Russian Anti-War Journalist Marina Ovsyannikova Placed Under House Arrest In Moscow, Faces 10-Year Prison Sentence

Russian journalist Marina OvsyannikovaShe became a symbol of fearless dissent when she interrupted a live TV broadcast March She has been detained in Moscow pending a trial related to new anti-war protests in July, to protest her country’s invasion of Ukraine.

Ovsyannikova was arrested in a police raid on her Moscow home on August 10. She appeared in court on Thursday (11 August) where she was charged with spreading false news about the military, a crime punishable by up to ten years in prison under Russian law.

The allegations are not related to her original TV protest but A fresh action In mid-July she stood in front of the Kremlin, carrying a placard with slogans criticizing President Vladimir Putin and the Russian military. At her feet are two dolls covered in red paint highlighting the deaths of children in the conflict.

After her first protest in March, which resulted in a brief arrest and a $527 fine (30,000 rubles), Ovsyannikova left Russia and worked on a temporary contract for the German newspaper Die Welt.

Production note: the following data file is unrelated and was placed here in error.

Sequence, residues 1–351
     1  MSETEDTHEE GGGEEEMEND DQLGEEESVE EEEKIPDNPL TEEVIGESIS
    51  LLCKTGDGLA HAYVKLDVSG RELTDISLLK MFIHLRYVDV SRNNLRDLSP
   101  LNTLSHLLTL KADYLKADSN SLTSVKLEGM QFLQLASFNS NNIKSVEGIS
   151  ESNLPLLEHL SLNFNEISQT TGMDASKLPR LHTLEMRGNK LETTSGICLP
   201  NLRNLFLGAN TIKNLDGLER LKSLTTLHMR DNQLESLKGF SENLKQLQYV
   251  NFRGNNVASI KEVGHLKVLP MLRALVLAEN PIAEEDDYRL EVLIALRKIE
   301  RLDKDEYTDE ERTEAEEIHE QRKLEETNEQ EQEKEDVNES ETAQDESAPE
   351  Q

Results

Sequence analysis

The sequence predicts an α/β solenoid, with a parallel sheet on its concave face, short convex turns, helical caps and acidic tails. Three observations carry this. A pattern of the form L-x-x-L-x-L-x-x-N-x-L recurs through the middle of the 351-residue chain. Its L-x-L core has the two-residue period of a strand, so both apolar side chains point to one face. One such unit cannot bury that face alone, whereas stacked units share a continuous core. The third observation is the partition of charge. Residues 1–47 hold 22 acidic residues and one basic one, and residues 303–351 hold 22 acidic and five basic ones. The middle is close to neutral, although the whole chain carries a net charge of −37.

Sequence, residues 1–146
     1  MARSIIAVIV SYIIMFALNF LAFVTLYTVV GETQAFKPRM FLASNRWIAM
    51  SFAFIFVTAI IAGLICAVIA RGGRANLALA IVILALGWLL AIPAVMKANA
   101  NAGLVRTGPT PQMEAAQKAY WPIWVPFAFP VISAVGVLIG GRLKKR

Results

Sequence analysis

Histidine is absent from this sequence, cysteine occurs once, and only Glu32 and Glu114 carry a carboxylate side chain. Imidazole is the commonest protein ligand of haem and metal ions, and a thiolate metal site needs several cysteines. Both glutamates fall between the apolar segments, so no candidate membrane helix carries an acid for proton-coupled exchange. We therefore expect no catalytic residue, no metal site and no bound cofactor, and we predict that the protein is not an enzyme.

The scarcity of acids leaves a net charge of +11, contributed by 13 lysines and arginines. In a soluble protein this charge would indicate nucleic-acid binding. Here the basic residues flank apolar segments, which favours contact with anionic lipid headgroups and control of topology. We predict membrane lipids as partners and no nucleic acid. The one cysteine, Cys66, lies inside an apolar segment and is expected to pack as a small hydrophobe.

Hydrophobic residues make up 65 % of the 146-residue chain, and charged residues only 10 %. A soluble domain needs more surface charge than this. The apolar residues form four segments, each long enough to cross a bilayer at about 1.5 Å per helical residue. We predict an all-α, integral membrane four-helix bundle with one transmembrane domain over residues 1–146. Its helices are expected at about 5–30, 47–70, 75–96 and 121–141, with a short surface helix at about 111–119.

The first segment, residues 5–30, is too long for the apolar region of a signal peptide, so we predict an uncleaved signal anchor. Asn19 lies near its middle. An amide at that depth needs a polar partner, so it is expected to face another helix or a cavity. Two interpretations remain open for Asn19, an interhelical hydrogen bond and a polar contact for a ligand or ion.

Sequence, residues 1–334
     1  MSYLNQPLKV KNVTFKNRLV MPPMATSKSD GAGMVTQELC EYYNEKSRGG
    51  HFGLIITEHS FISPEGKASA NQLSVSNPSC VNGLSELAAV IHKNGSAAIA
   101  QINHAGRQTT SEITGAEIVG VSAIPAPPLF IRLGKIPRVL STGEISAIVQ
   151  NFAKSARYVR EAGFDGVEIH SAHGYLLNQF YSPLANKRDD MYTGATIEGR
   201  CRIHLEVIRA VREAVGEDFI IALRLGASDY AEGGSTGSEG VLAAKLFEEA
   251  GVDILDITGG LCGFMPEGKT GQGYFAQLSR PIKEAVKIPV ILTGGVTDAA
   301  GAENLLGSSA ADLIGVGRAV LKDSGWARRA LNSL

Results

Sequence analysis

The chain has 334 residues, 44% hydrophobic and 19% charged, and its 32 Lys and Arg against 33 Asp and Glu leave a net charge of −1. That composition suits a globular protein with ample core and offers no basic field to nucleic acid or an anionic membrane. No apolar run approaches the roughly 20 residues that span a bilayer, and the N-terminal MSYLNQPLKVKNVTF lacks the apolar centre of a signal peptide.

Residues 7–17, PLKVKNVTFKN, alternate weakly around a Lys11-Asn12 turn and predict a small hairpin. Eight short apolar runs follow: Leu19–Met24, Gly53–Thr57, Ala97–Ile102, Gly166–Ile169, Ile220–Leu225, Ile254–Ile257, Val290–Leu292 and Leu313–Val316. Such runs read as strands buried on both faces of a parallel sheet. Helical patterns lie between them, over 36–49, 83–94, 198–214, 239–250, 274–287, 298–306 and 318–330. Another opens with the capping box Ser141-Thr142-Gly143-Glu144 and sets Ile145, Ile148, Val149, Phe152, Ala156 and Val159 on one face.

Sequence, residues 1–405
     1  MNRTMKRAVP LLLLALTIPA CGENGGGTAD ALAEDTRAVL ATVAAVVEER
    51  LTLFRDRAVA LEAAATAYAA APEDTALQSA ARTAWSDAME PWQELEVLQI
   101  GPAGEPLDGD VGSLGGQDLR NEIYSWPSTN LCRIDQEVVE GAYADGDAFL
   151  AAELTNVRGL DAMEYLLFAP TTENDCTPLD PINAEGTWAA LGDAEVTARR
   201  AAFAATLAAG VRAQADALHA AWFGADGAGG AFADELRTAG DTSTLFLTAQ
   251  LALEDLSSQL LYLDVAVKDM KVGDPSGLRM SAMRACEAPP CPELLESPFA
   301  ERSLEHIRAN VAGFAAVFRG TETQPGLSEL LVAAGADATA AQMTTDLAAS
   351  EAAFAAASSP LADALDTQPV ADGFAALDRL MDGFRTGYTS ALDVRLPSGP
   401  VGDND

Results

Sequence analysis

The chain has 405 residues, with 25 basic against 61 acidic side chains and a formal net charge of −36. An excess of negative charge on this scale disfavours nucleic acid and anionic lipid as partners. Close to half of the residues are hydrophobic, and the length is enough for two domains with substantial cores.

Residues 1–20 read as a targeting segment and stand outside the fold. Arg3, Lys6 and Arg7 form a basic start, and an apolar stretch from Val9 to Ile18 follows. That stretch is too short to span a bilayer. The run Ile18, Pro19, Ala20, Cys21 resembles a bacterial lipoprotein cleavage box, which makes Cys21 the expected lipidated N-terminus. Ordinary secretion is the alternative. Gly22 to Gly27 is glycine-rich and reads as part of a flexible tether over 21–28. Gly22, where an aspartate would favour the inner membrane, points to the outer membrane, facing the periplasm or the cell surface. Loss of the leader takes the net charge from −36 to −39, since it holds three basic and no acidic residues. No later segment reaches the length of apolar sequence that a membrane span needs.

She returned to Russia in early July to fight for access to her two children after her ex-husband filed a lawsuit in Moscow seeking sole custody.

Ovsyannikova said in an Instagram post that she knew she could be arrested upon her return but despite these fears, she made further public protests against Russia’s invasion of Ukraine.

She continued her demonstrations in the courtroom on Thursday. Sitting in a glass defendant’s cage, she nonchalantly held a piece of A4 paper that read, “May the murderous boys haunt your dreams tonight.”

Local media outlets and human rights groups reported that Ovsyannikova had been detained pending her trial on October 9.

has become widespread Crackdown Anti-war protests and dissent across Russia since the start of the war in Ukraine on February 24.

Russian independent human rights watchdog OVD-info, estimates that more than 15,000 have been detained and at least 178 people are currently going to court and could face lengthy prison terms.



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